The Art of Communicating


I learned that I communicate the way I do, because it is a part of my personality. Prior to taking a communications class and learning some very real facts about several different communication styles, I often took a lot of what people said, and how they said it, personally and my reactions followed suit. I now know that how they communicated with me was a part of their own individual personality and in most cases not a part of their agenda to hurt, anger, or offend me. I have a much better understanding of how to effectively communicate with others by paying attention to their personality and recognizing their receptive needs and abilities. It’s not always easy to tell, but it is a good tool in trying to reach people on a level that will be more successful for them as well as me and the purpose our communication serves. The class was very effective in how it was taught. I have found myself automatically paying much closer attention to verbal and written communication, so that not only do I get the information I need, but I go about it in a way that it is clear what my needs are and clear how it is presented to me. Communication with fellow students and class room instructors has greatly improved for me. I am also looking for what communication style my family members may have to better communicate with them, as that can prove to be a challenge. As this skill becomes stronger in my home and education, it will be valuable to my future career in psychology.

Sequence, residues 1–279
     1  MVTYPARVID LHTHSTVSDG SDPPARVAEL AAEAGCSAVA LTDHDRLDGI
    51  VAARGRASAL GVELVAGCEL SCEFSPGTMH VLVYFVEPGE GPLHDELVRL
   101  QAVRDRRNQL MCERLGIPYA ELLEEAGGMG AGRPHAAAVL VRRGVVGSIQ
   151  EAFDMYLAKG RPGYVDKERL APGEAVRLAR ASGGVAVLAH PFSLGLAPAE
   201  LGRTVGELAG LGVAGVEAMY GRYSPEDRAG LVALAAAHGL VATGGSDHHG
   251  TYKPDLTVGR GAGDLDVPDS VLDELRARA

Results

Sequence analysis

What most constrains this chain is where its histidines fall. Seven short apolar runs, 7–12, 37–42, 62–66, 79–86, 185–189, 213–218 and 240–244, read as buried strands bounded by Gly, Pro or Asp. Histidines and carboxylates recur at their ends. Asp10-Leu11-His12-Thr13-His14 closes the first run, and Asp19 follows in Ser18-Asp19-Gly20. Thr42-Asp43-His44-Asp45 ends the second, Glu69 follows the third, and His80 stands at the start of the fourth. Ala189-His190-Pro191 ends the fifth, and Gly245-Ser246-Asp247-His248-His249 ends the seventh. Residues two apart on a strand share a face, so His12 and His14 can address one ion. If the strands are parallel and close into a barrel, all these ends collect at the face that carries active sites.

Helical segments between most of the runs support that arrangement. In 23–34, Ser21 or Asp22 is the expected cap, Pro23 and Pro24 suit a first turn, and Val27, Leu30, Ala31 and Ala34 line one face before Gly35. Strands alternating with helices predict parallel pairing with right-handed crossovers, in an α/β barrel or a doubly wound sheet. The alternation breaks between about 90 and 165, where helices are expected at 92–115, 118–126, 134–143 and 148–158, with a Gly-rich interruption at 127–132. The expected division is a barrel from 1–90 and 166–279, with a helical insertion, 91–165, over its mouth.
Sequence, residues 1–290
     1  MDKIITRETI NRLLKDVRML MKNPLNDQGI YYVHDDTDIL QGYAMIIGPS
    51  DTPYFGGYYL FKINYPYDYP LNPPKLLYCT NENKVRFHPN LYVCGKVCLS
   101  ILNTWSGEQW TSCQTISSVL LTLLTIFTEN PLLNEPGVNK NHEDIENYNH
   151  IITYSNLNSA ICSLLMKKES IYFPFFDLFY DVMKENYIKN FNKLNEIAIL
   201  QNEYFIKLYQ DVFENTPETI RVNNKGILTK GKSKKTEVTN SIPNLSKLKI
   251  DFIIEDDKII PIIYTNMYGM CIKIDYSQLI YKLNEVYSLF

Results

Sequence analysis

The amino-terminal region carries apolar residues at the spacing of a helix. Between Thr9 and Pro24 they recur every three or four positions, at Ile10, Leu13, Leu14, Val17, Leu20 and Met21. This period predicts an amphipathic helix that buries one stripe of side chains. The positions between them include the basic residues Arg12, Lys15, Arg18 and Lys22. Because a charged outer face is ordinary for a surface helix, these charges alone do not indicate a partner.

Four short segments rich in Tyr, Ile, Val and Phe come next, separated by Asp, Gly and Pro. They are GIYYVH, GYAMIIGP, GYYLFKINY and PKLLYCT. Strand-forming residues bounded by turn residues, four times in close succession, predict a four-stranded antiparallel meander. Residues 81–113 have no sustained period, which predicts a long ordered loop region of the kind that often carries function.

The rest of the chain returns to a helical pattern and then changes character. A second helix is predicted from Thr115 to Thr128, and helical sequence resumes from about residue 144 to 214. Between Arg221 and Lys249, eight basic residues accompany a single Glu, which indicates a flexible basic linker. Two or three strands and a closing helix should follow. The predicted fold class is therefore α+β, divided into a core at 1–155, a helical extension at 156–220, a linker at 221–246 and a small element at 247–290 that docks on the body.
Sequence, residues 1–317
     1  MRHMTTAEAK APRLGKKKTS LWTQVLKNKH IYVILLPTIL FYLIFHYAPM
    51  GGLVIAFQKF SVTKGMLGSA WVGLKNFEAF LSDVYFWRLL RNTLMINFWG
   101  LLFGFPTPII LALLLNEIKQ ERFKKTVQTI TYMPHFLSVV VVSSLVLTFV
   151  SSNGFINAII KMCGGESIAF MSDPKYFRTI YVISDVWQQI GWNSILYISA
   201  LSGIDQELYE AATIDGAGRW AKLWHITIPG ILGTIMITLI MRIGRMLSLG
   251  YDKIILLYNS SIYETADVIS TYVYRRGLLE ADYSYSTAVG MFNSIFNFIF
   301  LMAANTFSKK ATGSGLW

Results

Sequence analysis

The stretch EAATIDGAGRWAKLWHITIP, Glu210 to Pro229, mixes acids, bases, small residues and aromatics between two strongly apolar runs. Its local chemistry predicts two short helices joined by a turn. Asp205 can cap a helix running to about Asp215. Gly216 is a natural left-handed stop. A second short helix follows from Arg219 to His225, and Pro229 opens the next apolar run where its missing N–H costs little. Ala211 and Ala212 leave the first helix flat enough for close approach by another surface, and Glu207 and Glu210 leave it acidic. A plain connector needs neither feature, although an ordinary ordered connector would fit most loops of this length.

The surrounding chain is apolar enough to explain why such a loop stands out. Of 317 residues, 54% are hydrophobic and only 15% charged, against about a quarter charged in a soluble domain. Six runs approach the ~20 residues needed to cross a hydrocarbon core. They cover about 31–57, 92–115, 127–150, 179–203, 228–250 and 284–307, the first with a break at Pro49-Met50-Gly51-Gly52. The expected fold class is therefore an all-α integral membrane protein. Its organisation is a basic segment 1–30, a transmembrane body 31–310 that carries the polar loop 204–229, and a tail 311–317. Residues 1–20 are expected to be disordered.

In the course of communication, I believe being a clear sender and an attentive listener is equally important. If the sender is unable to get their message across clearly, then how well the receiver listens is irrelevant. It is difficult to truly hear a message that is not delivered well and does not make a comprehensible point. If the message is vague or does not convey what the sender is wanting, needing, or expecting, then they are not going to be satisfied with the results of the overall communication between themselves and the intended receiver. On the other hand, the receiver also must be ready, willing, and prepared to listen to the message and receive the true intention of the communication. They must listen with an open mind, not hearing only what they want to hear and not trying to formulate a response or argument before the entire message has been heard and considered. I believe a person learns a lot more by just listening and more often than not, most questions that may arise during the transmitting of the message are answered if only the message is listened to and received in its entirety.  Letting the sender know what you heard and how you interpreted the message, giving feedback either by paraphrasing or summarizing, opens up the opportunity for the sender to clarify any misunderstandings. The most important thing I think a sender and receiver must both remember is that in a proper communication, and one that is more likely to be successful, they must switch roles often, both having the chance to be a sender and a receiver.